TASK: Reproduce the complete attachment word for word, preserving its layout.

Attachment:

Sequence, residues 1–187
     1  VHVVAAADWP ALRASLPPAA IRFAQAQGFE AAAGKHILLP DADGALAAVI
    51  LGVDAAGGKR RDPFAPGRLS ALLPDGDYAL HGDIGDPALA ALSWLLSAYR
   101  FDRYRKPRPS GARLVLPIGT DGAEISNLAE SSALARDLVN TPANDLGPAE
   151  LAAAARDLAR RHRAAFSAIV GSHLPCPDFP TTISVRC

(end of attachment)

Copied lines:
Sequence, residues 1–187
     1  VHVVAAADWP ALRASLPPAA IRFAQAQGFE AAAGKHILLP DADGALAAVI
    51  LGVDAAGGKR RDPFAPGRLS ALLPDGDYAL HGDIGDPALA ALSWLLSAYR
   101  FDRYRKPRPS GARLVLPIGT DGAEISNLAE SSALARDLVN TPANDLGPAE
   151  LAAAARDLAR RHRAAFSAIV GSHLPCPDFP TTISVRC